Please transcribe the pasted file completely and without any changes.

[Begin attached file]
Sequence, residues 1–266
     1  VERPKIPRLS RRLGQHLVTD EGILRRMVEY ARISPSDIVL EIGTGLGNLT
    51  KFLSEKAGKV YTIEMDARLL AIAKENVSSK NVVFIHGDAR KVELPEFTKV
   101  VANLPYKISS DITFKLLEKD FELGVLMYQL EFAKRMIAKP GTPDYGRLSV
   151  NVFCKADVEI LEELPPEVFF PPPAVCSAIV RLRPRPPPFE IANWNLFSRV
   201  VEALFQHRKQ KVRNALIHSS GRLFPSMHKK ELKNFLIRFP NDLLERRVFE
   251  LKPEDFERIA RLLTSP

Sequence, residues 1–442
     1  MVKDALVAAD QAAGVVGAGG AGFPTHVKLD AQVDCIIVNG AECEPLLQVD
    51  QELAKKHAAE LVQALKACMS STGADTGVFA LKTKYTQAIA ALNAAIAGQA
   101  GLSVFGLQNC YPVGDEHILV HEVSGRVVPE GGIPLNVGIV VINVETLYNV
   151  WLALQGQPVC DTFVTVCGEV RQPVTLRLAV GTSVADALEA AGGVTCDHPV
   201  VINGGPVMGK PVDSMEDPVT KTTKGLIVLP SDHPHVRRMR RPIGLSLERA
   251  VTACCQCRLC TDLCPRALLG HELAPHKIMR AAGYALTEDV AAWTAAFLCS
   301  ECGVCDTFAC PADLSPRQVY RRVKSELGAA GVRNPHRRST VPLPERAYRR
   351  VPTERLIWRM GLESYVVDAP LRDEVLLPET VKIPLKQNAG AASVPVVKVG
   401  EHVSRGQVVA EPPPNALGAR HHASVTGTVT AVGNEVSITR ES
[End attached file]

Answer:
Sequence, residues 1–266
     1  VERPKIPRLS RRLGQHLVTD EGILRRMVEY ARISPSDIVL EIGTGLGNLT
    51  KFLSEKAGKV YTIEMDARLL AIAKENVSSK NVVFIHGDAR KVELPEFTKV
   101  VANLPYKISS DITFKLLEKD FELGVLMYQL EFAKRMIAKP GTPDYGRLSV
   151  NVFCKADVEI LEELPPEVFF PPPAVCSAIV RLRPRPPPFE IANWNLFSRV
   201  VEALFQHRKQ KVRNALIHSS GRLFPSMHKK ELKNFLIRFP NDLLERRVFE
   251  LKPEDFERIA RLLTSP

Sequence, residues 1–442
     1  MVKDALVAAD QAAGVVGAGG AGFPTHVKLD AQVDCIIVNG AECEPLLQVD
    51  QELAKKHAAE LVQALKACMS STGADTGVFA LKTKYTQAIA ALNAAIAGQA
   101  GLSVFGLQNC YPVGDEHILV HEVSGRVVPE GGIPLNVGIV VINVETLYNV
   151  WLALQGQPVC DTFVTVCGEV RQPVTLRLAV GTSVADALEA AGGVTCDHPV
   201  VINGGPVMGK PVDSMEDPVT KTTKGLIVLP SDHPHVRRMR RPIGLSLERA
   251  VTACCQCRLC TDLCPRALLG HELAPHKIMR AAGYALTEDV AAWTAAFLCS
   301  ECGVCDTFAC PADLSPRQVY RRVKSELGAA GVRNPHRRST VPLPERAYRR
   351  VPTERLIWRM GLESYVVDAP LRDEVLLPET VKIPLKQNAG AASVPVVKVG
   401  EHVSRGQVVA EPPPNALGAR HHASVTGTVT AVGNEVSITR ES